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Sexual Assault

Sexual assault is sexual contact by one person against another without consent. The law defines consent as positive cooperation in act or attitude pursuant to an exercise of free will. Consent may not be inferred from silence or passivity. A current or previous relationship does not constitute consent.

The most recent national study by the Justice Department found that the number of incidents in which female college students were sexually assaulted occurred at a rate of 35.3 incidents per 1,000. The survey defined sexual assault as completed or attempted rape, threats of rape, sexual coercion, unwanted sexual contact with force or the threat of force, and stalking.

Among the report’s findings are that nearly sixty percent of the rapes on campuses took place in the victims’ residences. Fewer than five percent of rapes and attempted rapes were reported to law enforcement officials. Sexual assaults are predominantly committed by men against women. However, men can be assaulted by women and same-sex assaults do occur. The majority of assaults are committed by an acquaintance of the victim and involve the use of alcohol by one or both persons. More information about sexual assault on college campuses is available at

Incidents of sexual assault are against the law and University policy. When you become aware that a student has experienced a sexual assault or has been the recipient of inappropriate and/or unwelcome physical contact:


  1. Be aware that when a student discloses information about an assault to you, s/he is demonstrating trust in you and the desire for help.
  2. Be aware that victims can feel intense shame, blame and anger towards themselves. Listen without conveying judgment.
  3. Be aware that victims are often hesitant to seek counseling. Students may be confused about what happened and question their own worthiness and/or fear they may face religious/Honor Code repercussions.
  4. When possible, speak to the student in private.
  5. Refer the student to Counseling and Psychological Services (801.422.3035). CAPS is a completely confidential resource for students, and will not communicate to parents, ecclesiastical leaders, or other campus offices without explicit consent from the student.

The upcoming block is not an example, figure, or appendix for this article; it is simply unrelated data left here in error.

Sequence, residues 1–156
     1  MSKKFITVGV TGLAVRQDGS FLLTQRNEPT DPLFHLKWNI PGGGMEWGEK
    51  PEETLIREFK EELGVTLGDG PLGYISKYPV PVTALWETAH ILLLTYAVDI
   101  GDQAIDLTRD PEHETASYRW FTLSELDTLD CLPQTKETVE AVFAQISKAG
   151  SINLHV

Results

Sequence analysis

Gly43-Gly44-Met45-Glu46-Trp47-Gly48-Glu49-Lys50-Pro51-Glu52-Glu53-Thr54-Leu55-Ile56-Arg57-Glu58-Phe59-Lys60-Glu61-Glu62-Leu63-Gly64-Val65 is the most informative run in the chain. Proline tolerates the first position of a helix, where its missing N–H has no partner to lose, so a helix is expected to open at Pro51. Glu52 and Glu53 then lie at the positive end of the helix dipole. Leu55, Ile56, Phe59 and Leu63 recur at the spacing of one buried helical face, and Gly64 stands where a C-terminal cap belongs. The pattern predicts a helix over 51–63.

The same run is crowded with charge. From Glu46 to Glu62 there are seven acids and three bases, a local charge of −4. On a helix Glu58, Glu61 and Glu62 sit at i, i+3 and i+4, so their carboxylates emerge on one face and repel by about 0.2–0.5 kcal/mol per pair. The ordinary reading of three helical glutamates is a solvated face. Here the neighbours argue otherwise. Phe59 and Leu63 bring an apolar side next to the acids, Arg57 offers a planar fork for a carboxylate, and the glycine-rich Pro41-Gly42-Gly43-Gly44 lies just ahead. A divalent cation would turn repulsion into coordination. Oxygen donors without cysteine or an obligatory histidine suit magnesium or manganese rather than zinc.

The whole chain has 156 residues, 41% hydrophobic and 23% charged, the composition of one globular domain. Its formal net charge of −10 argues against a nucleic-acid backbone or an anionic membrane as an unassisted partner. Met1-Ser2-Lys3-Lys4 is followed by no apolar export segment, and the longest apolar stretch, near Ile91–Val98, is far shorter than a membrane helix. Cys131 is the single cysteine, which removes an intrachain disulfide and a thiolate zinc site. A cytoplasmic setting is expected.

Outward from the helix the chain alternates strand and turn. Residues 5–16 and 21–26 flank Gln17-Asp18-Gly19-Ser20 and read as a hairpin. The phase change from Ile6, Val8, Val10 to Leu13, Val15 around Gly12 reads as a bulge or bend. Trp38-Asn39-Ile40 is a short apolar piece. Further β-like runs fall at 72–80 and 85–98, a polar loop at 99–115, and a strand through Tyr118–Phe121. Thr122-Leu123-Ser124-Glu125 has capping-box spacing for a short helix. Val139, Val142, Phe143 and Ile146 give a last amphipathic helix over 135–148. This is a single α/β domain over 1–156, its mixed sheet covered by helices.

6. Refer student to the 24-hour Rape Crisis Hot-line (801.356.2511) through the Center for Women and Children in Crisis for crisis counseling and medical counseling and the Utah Crime Victims Legal Clinic for information and help dealing with the legal system.
  7. If appropriate, refer the student to the Equal Employment Office at 801.422.5895.
  8. Inform the student that BYU's Gender-Based Behavior Policy, including information on discrimination and sexual harrassment, can be found at BYU's Title IX office.
  9. Refer the student to University Police (801.422.2222) if the student wants to make a police report. BYU Police can facilitate cooperation with other departments should the incident need to be reported to another jurisdiction.
  10. In order to prosecute the crime of rape against an adult victim evidence must be collected within 72 hours of the crime. Encourage students to contact an advocate to assist them in understanding their options and the navigating the medical and legal system. Be aware of University and community resources available to victims. The following offices and individuals can provide students with additional information:

    • Melissa Jones, CAPS, 801.422.3035, the Sexual Assault Liaison for the University.
    • Aaron Rhodes, BYU Police, 801.422.3932.
    • Provo Police, Victim Advocate Office, 801.852.6251.
    • Orem Police, Victim Assistance Coordinator, 801.229.7128.


  1. Minimize the situation.
  2. Imply that there are things the student could have done to prevent the incident.
  3. Convey negative judgment even when high-risk behavior such as intoxication is involved.
  4. Try to persuade the student to make a police report.
  5. Tell other staff members about the incident except for those who need to know.